Abstract: In the world of finite-type surfaces, one of the key tools to studying the mapping class group is to study its action on the curve graph. The curve graph is a combinatorial object intrinsic to the surface, and its appeal lies in the fact that it is infinite-diameter and $\delta$-hyperbolic. For infinite-type surfaces, the curve graph disappointingly has diameter 2. However, all hope is not lost! In this talk I will introduce the omnipresent arc graph and we will see that for a large collection of infinite-type surfaces, the graph is infinite-diameter and $\delta$-hyperbolic. The talk will feature a new characterization of infinite-type surfaces, which provided the impetus for this project.

This is joint work with Federica Fanoni and Alan McLeay.

2021 #4: Wednesday 24 March 2021, 12:00 AEDT (Hosted by Joan)

Sam Lisi (Mississippi)

Title: Fillings of contact manifolds and J-holomorphic curves 

Abstract: A filling of a contact manifold is a symplectic manifold whose boundary is the contact manifold in question. The classical examples of contact manifolds, the 2n-1 dimensional sphere and the unit cotangent bundle of a closed manifold, are, by construction, filled by the 2n dimensional ball and by the cotangent disk bundle, respectively. On the other hand, overtwisted contact 3-manifolds admit no fillings by Gromov and Eliashberg. The question is then: given a contact manifold, does it admit a filling? if so, can we classify the fillings? (This problem comes in a few different flavours, since different compatibility conditions between the symplectic manifold and the contact structure on the boundary give rise to a hierarchy of notions of fillings.) J-holomorphic curves provide an important tool for approaching this problem. In particular, genus 0 curves play a particularly important role. We will discuss why these curves are so important and take an idiosyncratic tour through the literature, from work of McDuff to Etnyre and Eliashberg and finally to my work with Van Horn-Morris and Wendl on Spinal Open Book decompositions. This talk will focus on the 3 dimensional case, though I will mention a couple higher dimensional phenomena and results.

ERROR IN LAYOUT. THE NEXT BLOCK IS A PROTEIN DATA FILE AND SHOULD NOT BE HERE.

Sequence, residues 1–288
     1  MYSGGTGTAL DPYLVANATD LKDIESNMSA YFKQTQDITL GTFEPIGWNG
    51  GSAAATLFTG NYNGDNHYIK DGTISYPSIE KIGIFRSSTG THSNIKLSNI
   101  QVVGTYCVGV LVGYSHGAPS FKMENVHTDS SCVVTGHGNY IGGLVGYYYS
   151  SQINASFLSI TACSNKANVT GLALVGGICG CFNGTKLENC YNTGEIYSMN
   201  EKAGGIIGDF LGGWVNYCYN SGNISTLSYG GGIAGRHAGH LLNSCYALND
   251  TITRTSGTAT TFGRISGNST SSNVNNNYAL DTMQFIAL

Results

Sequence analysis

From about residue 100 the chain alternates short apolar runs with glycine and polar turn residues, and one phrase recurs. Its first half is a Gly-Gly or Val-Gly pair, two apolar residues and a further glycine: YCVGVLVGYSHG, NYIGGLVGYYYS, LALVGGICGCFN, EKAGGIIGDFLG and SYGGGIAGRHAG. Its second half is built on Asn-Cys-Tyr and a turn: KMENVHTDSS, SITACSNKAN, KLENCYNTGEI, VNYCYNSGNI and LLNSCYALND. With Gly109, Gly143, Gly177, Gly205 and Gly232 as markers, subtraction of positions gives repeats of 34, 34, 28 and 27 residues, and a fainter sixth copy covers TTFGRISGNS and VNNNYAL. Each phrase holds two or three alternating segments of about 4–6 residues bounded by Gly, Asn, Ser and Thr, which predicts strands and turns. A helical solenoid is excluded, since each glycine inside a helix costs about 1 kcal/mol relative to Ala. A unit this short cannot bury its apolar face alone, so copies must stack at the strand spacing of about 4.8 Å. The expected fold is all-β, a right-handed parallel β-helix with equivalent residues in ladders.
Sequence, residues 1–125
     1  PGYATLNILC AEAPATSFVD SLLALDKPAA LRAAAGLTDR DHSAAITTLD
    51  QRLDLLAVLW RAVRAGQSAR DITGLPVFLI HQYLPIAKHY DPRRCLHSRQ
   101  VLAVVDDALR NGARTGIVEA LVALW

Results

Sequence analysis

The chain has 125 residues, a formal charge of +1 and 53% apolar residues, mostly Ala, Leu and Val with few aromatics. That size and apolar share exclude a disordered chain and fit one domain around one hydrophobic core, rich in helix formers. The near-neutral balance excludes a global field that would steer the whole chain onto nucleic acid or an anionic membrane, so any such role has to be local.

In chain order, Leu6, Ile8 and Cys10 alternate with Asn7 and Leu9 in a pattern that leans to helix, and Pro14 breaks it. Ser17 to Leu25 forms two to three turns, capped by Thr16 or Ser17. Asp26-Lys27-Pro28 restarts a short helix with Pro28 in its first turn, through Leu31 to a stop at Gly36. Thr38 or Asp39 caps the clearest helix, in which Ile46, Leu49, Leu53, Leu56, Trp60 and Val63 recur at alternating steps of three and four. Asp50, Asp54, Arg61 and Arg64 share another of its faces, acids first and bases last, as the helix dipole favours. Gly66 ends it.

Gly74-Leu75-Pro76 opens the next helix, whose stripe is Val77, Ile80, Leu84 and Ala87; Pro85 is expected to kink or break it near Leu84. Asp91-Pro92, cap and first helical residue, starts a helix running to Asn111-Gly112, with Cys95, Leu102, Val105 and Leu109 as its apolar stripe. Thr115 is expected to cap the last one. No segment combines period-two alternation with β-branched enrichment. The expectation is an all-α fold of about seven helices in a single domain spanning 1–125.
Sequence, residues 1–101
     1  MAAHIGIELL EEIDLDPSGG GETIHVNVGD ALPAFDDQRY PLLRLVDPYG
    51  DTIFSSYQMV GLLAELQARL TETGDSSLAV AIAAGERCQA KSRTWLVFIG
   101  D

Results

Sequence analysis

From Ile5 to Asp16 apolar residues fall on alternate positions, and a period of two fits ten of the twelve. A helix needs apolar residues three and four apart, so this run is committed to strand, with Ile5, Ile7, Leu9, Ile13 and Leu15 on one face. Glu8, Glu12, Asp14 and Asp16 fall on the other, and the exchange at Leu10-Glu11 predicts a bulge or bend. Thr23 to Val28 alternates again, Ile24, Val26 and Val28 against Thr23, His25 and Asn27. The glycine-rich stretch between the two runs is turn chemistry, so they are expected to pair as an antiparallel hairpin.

2021 #3: Wednesday 17 March 2021, 12:00 AEDT (Hosted by Joan)

Kasia Jankiewicz (Chicago)

Title: A generalization of the Tits Conjecture for Artin groups 

Abstract: Artin groups are a family of groups generalizing braid groups. Tits conjectured that the squares of the standard generators of an Artin group generate the "obvious" right-angled Artin group. The conjecture was proven in 2001 by Crisp and Paris. I will introduce a generalization of this conjecture, where we ask whether a larger collection of elements generates another "obvious" right-angled Artin subgroup. This alleged right-angled Artin group is in some sense as large as possible; its nerve is homeomorphic to the nerve of the ambient Artin group. I will discuss some classes of Artin groups that we can prove it for, and give some applications. This is joint work with Kevin Schreve. 

2021 #2: Wednesday 10 March 2021, 12:00 AEDT (Hosted by Joan)

Lenny Ng (Duke)

Title: Infinitely many Lagrangian fillings 

Abstract: An interesting problem in contact topology is to understand the Lagrangian surfaces that "fill" a given Legendrian knot or link in a contact 3-manifold. A key breakthrough in the past year or so has been the discovery that some families of Legendrian links have infinitely many different fillings. There are now a variety of approaches to proving results along these lines, using techniques from microlocal sheaf theory, cluster algebras, and Floer theory. I'll focus on this last approach, and describe a concrete way to construct Legendrian links with infinitely many fillings that can be distinguished using Legendrian contact homology. This is joint work with Roger Casals 

2021 #1:  Wednesday 3 March 2021, 12:00 AEDT (Hosted by Joan)

Keegan Boyle (UBC)

Title: Butterfly Surfaces and Strongly Invertible Knots

Abstract: A standard measure of the complexity of a knot K in S^3 is its 3-genus (or 4-genus) - the minimal genus of a surface in S^3 (or B^4) with boundary K. Since a larger genus surface may be found by attaching handles to a minimal genus surface, the genus completely characterizes which surfaces (up to homeomorphism) can have boundary K. It is more complicated to classify equivariant surfaces (up to equivariant homeomorphism) bounding a knot with an involution since surfaces with involutions are not classified simply by their genus. In this talk I will give obstructions to a strongly invertible knot bounding an equivariant surface with a separating fixed arc, even though every strongly invertible knot bounds an equivariant surface. This is joint work with Ahmad Issa.

Previous Webinars 2020

#29 - Wednesday 2 December 2020, 12:00 AEDT (Hosted by Tillus)

Sara Maloni (Virginia)

Title: Convex hulls of quasicircles in hyperbolic and anti-de Sitter space

Abstract: Thurston conjectured that quasi-Fuchsian manifolds are determined by the induced hyperbolic metrics on the boundary of their convex core and Mess generalized those conjectures to the context of globally hyperbolic AdS spacetimes. In this talk I will discuss a universal version of these conjectures (and prove the existence part) by considering convex sets spanning quasicircles in the boundary at infinity of hyperbolic and anti-de Sitter space. This work generalizes Alexandrov and Pogorelov's results about the characterization metrics induced on the boundary of a compact convex subset of hyperbolic space. Time permitting, we will discuss why in hyperbolic space quasicircles can't be characterized by the width of their convex hulls, except when the convex hulls have small width. This is different than the anti-de Sitter setting. (This is joint work with Bonsante, Danciger and Schlenker.)